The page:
7. The refinanced FHA-insured first mortgage must have a loan-to-value ratio of no more than 97.75%;
8. Nonextinguished existing subordinate mortgages must be re-subordinated and the new loan may not have a combined loan-to-value ratio greater than 115%;
9. For loans that receive a “refer” risk classification from TOTAL Mortgage Scorecard (TOTAL) and/or are manually underwritten, the homeowner’s total monthly payment, including the first and any subordinate mortgage(s), cannot be greater than 31% of gross monthly income and total debt, including all recurring debts, cannot be greater than 50% of gross monthly income;
10. FHA mortgagees are not permitted to use premium pricing to pay off existing debt obligations to qualify the borrower for the new loan;
11. FHA mortgagees are not permitted to make mortgage payments on behalf of the borrowers or otherwise bring the existing loan current to make it eligible for FHA insurance; and
12. The existing loan to be refinanced may not have been brought current by the existing first lien holder, except through an acceptable permanent loan modification as described below.
In addition, permanently modified loans may be eligible: a Making Home Affordable Modification Program, or HAMP, loan in the month following the date the modification became permanent; but a non-HAMP loan must be current and have made three monthly payments on time.
Whew! Did you get through all that? The criteria eliminate FHA borrowers, including those who cut off access to regular FHA refinancing by taking a second mortgage subsequent to their FHA loan. They also eliminate unemployed borrowers as well as those with diminished incomes who paid the mortgage but let other obligations slide (the “refer” class who must satisfy DTI limits and the sub-500 FICOs).
No wonder WSJ’s Timiraos and Zibel reported that the program received just 61 applications and completed only three loan modifications during its first three months.
What are the borrower and lenders’ incentives? A thoughtful consideration of borrower and lender’s incentives/disincentives shrink the number of potential short refis still further.
Portfolio lenders best fit Stevens’ generic lender, who, if rational, will leave a performing loan unmodified. But they might be willing to let borrowers with modified loans use the program. In its Aug. 10 “HAMP: A Progress Report,” Amherst Securities noted banks in many cases are not carrying modified loans at par (or have taken loan loss allowances against them). That means that banks might lose little more or even take a small gain on the transaction.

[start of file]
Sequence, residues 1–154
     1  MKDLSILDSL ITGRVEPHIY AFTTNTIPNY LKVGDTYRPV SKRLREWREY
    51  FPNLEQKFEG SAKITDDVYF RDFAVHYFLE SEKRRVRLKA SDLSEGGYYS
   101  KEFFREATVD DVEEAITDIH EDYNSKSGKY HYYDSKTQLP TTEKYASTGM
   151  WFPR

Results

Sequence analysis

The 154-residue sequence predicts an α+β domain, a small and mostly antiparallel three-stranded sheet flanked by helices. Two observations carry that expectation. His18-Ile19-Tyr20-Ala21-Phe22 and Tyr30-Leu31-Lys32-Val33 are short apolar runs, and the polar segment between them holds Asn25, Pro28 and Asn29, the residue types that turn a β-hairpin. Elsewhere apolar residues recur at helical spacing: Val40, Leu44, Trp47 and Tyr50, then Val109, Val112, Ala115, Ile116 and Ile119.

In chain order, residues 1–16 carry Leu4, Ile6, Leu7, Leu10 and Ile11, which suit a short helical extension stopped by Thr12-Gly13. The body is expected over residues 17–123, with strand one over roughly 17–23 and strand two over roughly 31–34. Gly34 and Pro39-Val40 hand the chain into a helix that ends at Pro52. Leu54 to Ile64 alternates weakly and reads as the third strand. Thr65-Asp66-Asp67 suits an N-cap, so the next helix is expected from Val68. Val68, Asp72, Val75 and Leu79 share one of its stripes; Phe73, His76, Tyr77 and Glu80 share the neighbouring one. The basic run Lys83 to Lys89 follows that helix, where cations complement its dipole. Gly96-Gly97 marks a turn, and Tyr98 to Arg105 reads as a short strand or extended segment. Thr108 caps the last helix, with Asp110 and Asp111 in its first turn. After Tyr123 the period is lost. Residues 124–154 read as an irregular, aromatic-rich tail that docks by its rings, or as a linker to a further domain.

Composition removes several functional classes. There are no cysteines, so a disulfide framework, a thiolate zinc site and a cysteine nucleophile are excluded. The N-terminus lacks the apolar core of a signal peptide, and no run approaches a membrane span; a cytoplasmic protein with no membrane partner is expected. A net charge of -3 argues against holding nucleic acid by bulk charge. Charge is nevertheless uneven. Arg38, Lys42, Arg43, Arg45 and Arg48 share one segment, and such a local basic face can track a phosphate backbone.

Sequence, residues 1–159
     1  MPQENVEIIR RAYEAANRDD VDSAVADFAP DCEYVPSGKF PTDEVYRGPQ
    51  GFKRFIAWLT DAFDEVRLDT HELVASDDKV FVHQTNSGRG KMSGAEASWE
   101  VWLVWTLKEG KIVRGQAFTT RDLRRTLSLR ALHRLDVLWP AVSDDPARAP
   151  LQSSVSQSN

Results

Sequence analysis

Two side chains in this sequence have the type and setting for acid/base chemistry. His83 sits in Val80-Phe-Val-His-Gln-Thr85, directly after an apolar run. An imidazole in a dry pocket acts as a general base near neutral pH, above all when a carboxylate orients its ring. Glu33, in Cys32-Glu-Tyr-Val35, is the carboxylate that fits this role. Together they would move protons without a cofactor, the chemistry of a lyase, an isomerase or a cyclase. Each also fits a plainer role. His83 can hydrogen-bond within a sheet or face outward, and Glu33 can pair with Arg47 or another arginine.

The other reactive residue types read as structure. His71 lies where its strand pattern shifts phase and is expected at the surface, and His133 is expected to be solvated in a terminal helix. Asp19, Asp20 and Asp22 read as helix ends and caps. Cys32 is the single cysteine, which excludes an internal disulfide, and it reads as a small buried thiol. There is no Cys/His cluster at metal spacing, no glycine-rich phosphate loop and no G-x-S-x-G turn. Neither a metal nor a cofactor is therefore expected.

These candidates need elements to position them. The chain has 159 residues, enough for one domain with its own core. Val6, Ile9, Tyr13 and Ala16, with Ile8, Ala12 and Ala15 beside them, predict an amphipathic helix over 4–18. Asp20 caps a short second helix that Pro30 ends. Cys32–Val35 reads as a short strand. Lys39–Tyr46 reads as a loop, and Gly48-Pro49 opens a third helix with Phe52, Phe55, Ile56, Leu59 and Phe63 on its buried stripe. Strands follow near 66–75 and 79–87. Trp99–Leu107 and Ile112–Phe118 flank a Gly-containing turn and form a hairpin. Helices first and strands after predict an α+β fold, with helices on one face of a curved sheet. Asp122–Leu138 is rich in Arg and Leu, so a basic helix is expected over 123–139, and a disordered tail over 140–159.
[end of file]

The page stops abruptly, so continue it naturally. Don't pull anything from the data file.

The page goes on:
At first blush, the economics may appeal to borrowers. But there are hefty transaction costs. The obvious ones are the usual loan origination costs as well as the upfront FHA insurance premium. Moreover, as Barclays stressed in reports in April and June, the short refinance takes a big bite out of a credit score. Only borrowers expecting to become delinquent may want to take that hit.
Servicers of PLS have a similar economic dis-incentive: Principal and interest on performing loans helps support obligatory advances of P&I on delinquent loans. Moreover, their ability to modify loans is legally constrained by the specific terms of each securitization. To qualify for the safe harbor created by Congress to protect them from investor lawsuits, the loan must be in danger of imminent default. For this reason, analysts generally agree that the likely candidates are again already modified loans.
Unfortunately, many modified borrowers will find the program unappealing.
In an Aug. 13 weekly report, analysts at JPMorgan noted that modified rates under HAMP could be as low as 2%, while a new FHA loan carries the market rate. (I’d add there’s still the matter of FHA insurance premiums.) Amherst did the math in its Aug. 10 report: The monthly payment on a $200,000 loan at 2% is $739. Assuming the borrower is paying 5.5% on the new loan, the principal must be written down to $130,000 to hold the payment constant. That’s 35%. Moreover, Amherst suggests the program is so “cumbersome” that PLS servicers must do a lot of work to qualify a borrower and may not bother unless they can protect the second lien.